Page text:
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Feelers On The Dealers

The Keyboard Shop

Billy Punter beats around the bush — Shepherds Bush's Keyboard Shop, to be precise.

A helping hand in the Bush

As the great, venerable and quite possibly divine Spike Milligan once said, "A bird in the Strand is worth two in Shepherds Bush." And so having failed to locate any wildlife at the Lyceum I decided to hedge my bets and headed out west on the Central Line.

It turned out to be a sensible move. No sooner had I emerged from the tube station onto the green than what should I see but a pair of Great Tits. Suffice it to say, my journey turned out to be worthwhile which was why I found myself the next morning wandering round that same neighbourhood with a slightly thick head and a sweet taste in my mouth.

After a visit to the cafe for some greasy sustenance I found myself looking into the window of a shop neatly arrayed with DX7s, Yamaha FM pianos, Clavinovas, Casio CZ synths, and a host of other synths by Roland and Korg.

Then I realised it was Monday...

I looked at my watch. "Rats" I cried. It was half past 10. Once again I was late for work. What excuse could I possibly give this time to offset my tardiness. Granny died? No, I've used that one three times already. Then suddenly a brainwave. I popped into a nearby kiosk.

"Hello Ed." I said down the phone, "I'm right by a keyboard shop in West London so I'm going to do a bit of feeling..."

The trick worked.

"Oh that's fine," came the reply, "there's not enough real feeling in the world today."

So off I trotted back to the shop, which as it happened wasn't open in spite of the fact that it was now nearly 11 o'clock and the shop was supposed to be open at half past 10. From the inner recesses of the shop a figure emerged and fumbled with the multitude of locks, finally admitting me with an apology for lateness, attributing it to the Monday morning syndrome.

Still, he was nothing if not affable. I decided to try and settle a question that had been nagging me for some weeks, namely, which sounds better — the Yamaha Clavinova or the FM pianos. Naturally, a truly inquisitive punter would have to spend quite a lot of time farting about between the two keyboards, playing riffs which could possibly seem quite nauseous toa dealer first thing on a Monday morning. In addition he would pose some very awkward questions about the preset features on the Clavinova and the MIDI specifications, or lack of them, on each instrument.

The response was, in fact, very favourable. All the instruments in the shop are set up in such a way that you can just go to one, switch it on and start to play, and so while the shutters were still being pulled up I was able to just play away and get an initial impression of the instruments.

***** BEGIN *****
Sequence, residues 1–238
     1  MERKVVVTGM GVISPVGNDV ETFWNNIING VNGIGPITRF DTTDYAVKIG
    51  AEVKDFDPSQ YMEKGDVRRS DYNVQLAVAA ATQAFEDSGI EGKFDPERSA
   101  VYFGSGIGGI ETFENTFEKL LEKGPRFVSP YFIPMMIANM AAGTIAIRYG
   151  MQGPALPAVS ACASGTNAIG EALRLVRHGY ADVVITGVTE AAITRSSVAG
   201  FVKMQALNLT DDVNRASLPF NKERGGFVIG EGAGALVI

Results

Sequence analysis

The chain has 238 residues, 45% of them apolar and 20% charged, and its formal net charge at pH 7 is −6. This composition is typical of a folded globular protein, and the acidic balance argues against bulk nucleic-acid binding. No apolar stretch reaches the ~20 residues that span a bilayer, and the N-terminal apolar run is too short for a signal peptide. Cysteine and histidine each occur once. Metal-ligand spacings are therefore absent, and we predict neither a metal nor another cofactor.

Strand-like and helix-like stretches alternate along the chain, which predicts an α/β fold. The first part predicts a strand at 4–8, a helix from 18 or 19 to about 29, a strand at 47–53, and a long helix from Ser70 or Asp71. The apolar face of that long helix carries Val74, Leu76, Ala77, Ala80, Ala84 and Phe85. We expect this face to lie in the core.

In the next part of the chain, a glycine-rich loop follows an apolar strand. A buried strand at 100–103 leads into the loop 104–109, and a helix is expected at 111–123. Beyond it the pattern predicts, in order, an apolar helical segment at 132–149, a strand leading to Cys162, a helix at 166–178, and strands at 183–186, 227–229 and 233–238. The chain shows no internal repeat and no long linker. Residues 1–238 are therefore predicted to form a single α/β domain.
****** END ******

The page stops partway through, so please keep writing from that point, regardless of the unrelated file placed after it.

Lenny Barker, (I found out his name later), was very ready to take me through all the accompaniment features on the Clavinova, and took trouble to go to the relevant literature in order to fill me in on its MIDI spec. Then it was time to put the man to work. Questions like "How does it sound with an amp," and "Can I try it with a foot pedal" etc are the ones that really test out a dealer's posterior pain threshold. But upon my insistence, Lenny showed no signs of irritation and my questions were answered in full.

What's more, an engaging conversation followed, during which I learnt that the Yamaha PF15 was, in fact, coming to the end of the line and that its follow up, in addition to having even better sounds, was likely to have MIDI as well. This I thought was a signal point in my investigations, since a dealer with less integrity might have tried to keep me unaware of this so that I would have been more keen on buying the PF15 in stock.

Information is at the heart of good customer relations and the shop assistants (as was obvious from my visit) are ready to let you try the instruments and pick their brains without getting peevish and calling you a time waster if you don't actually buy anything.

The shop is quite small, very clean, and just a little bit, ahem, un-Rock and Roll. Later inquiries revealed that it was set up to cater for the punter who doesn't want to spend over two grand, but wants a good deal of help and information in order to get him or herself the system of their desires.

At the moment the shop does a few sidelines like home recording gear, small keyboard amps and a small amount of computer software, and HP deals can be arranged, some with instant credit in lieu of discount. The shop has a policy of putting discounts on everything they can, although obviously somethings can't be discounted too heavily due to the usual politics of the dealer world.

All in all then, I was very satisfied by my visit to this shop — even taking into account the fact that its presence had saved me from an embarrassing situation. Still I'll know next time. If I go looking for love in London on a Sunday night, I'll do it with feeling.

The Keyboard Shop (Contact Details)

More with this topic

Previous Article in this issue

Nik Picking

Next article in this issue

Manson Six-String

International Musician & Recording World - Copyright: Cover Publications Ltd, Northern & Shell Ltd.


International Musician - Mar 1986

Donated & scanned by: Mike Gorman



Feature by Billy Punter

Previous article in this issue:

> Nik Picking

Next article in this issue:

> Manson Six-String

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